We aim to contribute to sustainable development through our operations, community investment and collaboration with our stakeholders. We are proud of our role in enabling the development of local economies, and improving life for many people around the world.
Performance against targets
Our results are summarised in the table below. Please see the relevant sections for the commentary on each result.
|This year’s performance |
2010 - 2011
|Contributed 1.1%. For more information click here.
|by 2011 ||2010 - 2011 ||2009 – 2011||
|25,544 people trained. For more information click here.
||50,999 people trained
1After exceptional items
Our approach to community development isn’t limited to our investment programmes, but is driven by the way we do business – from our local hiring practices and procurement relationships, to our environmental programmes, to how we approach the use and misuse of alcohol in society. This is because we recognise that our impact on sustainable development is greatest when we engage our entire value chain.
The key investment projects we take on aim to engage those in our value chain from suppliers to customers. For example, while we work to build local talent in our own company, and partner with local suppliers in our supply chain, our Learning for Life employment training programme separately helps contribute to job creation in our local communities. This combination of our operations and community investment helps us create the conditions necessary for our business, and our communities, to thrive.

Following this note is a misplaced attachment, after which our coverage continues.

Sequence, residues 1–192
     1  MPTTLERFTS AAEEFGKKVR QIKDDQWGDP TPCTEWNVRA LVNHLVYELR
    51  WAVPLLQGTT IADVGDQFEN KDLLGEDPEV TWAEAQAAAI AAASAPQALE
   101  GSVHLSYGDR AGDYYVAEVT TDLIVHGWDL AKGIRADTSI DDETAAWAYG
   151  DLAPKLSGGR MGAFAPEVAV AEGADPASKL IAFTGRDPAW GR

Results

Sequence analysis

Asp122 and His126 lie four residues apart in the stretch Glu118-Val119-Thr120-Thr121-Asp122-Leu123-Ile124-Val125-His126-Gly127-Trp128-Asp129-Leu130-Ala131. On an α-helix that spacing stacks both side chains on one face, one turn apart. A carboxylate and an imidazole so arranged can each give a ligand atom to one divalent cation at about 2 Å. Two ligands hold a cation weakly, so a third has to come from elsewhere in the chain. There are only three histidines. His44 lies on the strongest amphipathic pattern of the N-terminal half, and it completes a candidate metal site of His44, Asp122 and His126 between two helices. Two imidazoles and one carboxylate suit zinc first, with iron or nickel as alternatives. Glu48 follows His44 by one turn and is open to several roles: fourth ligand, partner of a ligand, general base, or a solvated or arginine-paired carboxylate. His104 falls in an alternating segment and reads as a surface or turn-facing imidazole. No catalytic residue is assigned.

At the heart of this work is our commitment to engage and involve our stakeholders to identify how best we can contribute. Certainly one important stakeholder group is our own employees, and we aim to involve them – whether helping them to organise volunteer events in their own communities or facilitating their charitable donations via our Giving for Good website.
Our range of programmes has been established over many years, in response to pressing needs identified by our communities. They aim to continue to build on the legacy of the founders of our brands such as Guinness and Johnnie Walker who believed in building healthy local communities through active philanthropy that addressed local needs and sustained their businesses.
This year we invested about £28 million, which amounts to 1.1% of our operating profit excluding exceptional items. The key areas our investment focused on included:
- Responsible drinking: our programmes and practices in place to address alcohol misuse. Read more.
- Skills for life: our programme in Latin America and the Caribbean that provides job preparation and skills training. Read more.
- Water of Life: our programme primarily in Africa that aims to enable local communities to gain access to water. Read more.
- Brand-led initiatives: cause-related activities which link a brand to a charity or cause.
- Local citizens: the contributions of our local businesses towards community projects in their area.